Since 2001, radical Islam has taken center stage; their assaults on our way of life defy all previous notions on how to conduct warfare against them. It remains to be seen whether a concise, efficient method can be put into effect to curtail their activities, and the idea of “ultimate victory” (as in WW II) is a pipedream at best.
Their strength has been because of the guerrilla warfare nature of their operations, not a clear “front line” but random attacks where we were forced to react instead of being able to interdict them in advance. The government assaults on personal privacy, and NDAA, (making us a de-facto police state) were put in place supposedly to ensure our safety. Are we any safer than prior to these events? NO!
Now the Islamic State is openly engaged in a sort of conventional war, but while they are the most immediate threat, radical Islam and their hit and run tactics has not changed.
Military tactics will have to be carefully thought out; indeed, completely rewritten. In Korea, President Truman had cashiered General MacArthur; and that conflict, the first “police action” via the U.N. resulted in no victory; merely keeping the status quo.
Eye opening related article HERE
The 50’s cold war activities included attempts to develop field use of tactical nuclear weapons; the cannon described here was actually deployed in 1957, thankfully these were never implemented, though there still may those who may favor the notion that limited nuclear weapons could be engaged against radical Islam. Regardless of our advanced weapons technology, THIS IS NOT FEASIBLE.
The weapons leveled against Hiroshima and Nagasaki were one-half kiloton. To all but the most dense individuals, their destructive power, and after-effects are well known. By the 70’s we had ICBM’s with 20 Megaton warheads.
I have NO idea how many kilotons equal one megaton. I post the following statistics, and video of one tactical device here to prove how these are not only the wrong answer, but far more importantly, why radical Islam, and countries like Iran CANNOT be allowed to wield nuclear weapons. The video does provide an idea of how much more powerful these early 50’s devices were in comparison to the Hiroshima bomb.
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Supervillain secret weapons by order of Congress produced the 280mm M65 “Atomic Cannon”, affectionately called Atomic Annie, which rolled off the assembly line on October 15th, 1952. Truly, the M65 was the strangest weapon that the Ordnance Corps of the Department of the Army ever produced. It filled an important deterrence role in the tactical nuclear arsenal of continental Europe when it was deployed in 1957 with the 7th Army’s’ 3rd Armoured Division by way of attached units from V Corps, serving in West Germany. A total of twenty cannons were built. Of those, about ten to sixteen where deployed. The M65 remained in service until 1963.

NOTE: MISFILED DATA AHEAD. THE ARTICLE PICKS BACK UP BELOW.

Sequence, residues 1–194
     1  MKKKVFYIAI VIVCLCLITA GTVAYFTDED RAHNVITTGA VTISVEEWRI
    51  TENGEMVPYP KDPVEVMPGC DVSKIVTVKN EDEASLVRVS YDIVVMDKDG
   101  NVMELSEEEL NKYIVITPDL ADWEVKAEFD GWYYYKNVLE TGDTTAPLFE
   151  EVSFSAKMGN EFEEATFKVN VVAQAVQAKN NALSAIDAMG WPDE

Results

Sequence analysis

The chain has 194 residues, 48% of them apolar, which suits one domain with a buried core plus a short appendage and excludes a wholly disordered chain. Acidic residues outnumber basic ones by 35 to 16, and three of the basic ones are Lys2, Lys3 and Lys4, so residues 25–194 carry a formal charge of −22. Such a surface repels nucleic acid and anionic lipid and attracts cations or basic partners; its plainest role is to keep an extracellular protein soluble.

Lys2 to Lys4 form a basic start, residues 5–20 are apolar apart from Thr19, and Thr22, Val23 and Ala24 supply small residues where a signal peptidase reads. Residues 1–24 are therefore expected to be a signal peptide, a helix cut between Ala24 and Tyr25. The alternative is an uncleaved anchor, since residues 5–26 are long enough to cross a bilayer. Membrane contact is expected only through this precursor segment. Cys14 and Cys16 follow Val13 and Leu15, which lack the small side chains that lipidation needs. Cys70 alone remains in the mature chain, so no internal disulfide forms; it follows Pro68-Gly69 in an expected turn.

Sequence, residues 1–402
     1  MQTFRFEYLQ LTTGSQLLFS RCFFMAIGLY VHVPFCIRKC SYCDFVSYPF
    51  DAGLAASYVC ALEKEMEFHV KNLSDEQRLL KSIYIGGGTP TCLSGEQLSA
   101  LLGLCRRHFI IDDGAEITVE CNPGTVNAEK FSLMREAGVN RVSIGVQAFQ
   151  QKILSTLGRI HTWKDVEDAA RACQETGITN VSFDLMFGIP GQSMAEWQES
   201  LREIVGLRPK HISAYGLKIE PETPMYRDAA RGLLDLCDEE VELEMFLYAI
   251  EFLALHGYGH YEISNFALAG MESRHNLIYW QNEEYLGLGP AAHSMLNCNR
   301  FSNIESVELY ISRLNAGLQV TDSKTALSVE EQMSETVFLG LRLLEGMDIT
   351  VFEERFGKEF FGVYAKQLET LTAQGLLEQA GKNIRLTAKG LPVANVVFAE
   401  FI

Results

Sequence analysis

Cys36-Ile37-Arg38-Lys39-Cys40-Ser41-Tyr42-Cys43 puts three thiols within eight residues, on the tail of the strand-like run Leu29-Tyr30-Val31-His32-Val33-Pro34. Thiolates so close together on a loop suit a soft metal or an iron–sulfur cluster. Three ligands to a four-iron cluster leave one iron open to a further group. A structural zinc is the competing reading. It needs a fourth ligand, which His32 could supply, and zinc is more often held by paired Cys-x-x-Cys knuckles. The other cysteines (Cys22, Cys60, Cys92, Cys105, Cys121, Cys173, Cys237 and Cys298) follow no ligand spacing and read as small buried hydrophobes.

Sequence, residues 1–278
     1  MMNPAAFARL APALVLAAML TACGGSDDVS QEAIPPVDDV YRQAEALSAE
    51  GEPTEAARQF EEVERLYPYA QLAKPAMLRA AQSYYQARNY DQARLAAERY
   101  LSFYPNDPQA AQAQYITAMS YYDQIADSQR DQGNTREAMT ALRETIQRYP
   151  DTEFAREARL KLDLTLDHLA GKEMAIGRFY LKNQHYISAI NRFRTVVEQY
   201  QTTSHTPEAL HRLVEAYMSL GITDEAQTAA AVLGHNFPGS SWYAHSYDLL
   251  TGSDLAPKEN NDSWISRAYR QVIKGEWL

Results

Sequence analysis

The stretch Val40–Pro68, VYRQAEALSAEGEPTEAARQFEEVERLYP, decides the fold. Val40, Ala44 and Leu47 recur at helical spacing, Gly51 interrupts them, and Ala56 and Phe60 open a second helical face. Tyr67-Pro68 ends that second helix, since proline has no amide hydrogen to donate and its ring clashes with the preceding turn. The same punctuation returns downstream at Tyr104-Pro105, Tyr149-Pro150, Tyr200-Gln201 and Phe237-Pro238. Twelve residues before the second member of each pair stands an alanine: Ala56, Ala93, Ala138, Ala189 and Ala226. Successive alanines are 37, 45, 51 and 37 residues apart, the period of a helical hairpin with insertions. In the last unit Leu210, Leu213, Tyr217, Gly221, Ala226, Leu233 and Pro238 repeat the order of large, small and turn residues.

The completely mechanical and hydraulic design allowed the M65 to fire a 600 lb. shell up to 18 miles. No electronics were used in the operation of the M65. Deployed as a tactical nuclear defensive weapon, it could fire the T-124 conventional high explosive shell. The M65 was also semi-mobile, and could be set up and ready to fire within 8 minutes. It required two dedicated tractor-trucks, which were attached at the front and back of the gun carriage to push and pull it into firing position. If battle damage disabled the gun’s hydraulics, it could be aimed manually by turning geared wheels, but it was loaded by a hydraulic power rammer. One cannon, including transport vehicles and a separate armoured ammunition carrier, required a total crew of 22. The recoil from firing 600 pound shells was absorbed by dual recoil buffers, one of which separated the barrel from the upper carriage, the other separating upper and lower carriages. 90% of the 50-ton gun weight actually recoiled. To discourage enemy infantry, each transporter was fitted with a .50 cal. Browning machine gun. Better safe than sorry.
Thankfully, the M65 was never fired in anger. The W-9 atomic artillery shell came in 3 yields, and the maximum lethal range of the shell was dangerously close to the 18-mile range of the M65. 80 W-9 shells were produced from 1952-53 for the T-124 280 mm shell. A W-9 shell was fired as a part of Operation Upshot-Knothole, a series of atmospheric atomic tests performed in Nevada during 1953. On May 25, the test named GRABLE saw the M65 fire a 15 kiloton W-9 shell 7 miles into the Fulda gap, a natural feature in the desert at Frenchman Flat, Nevada. A mock town complete with buildings, roads and used cars was constructed at target ground zero and soldiers occupied trenches less than 5 miles away. Hundreds of high-ranking Armed Forces officers and members of Congress were present, anxious to see their new toy in operation. The shell detonated 524 ft above its target in a timed airburst.
Seven M65s survived the Cold War and are on public display today. The largest atomic cannon sits in a public park in Junction City, Kansas, on permanent loan from the Smithsonian. Another can be seen at the National Atomic Museum in Albuquerque, New Mexico. Source – ATOMIC CANNON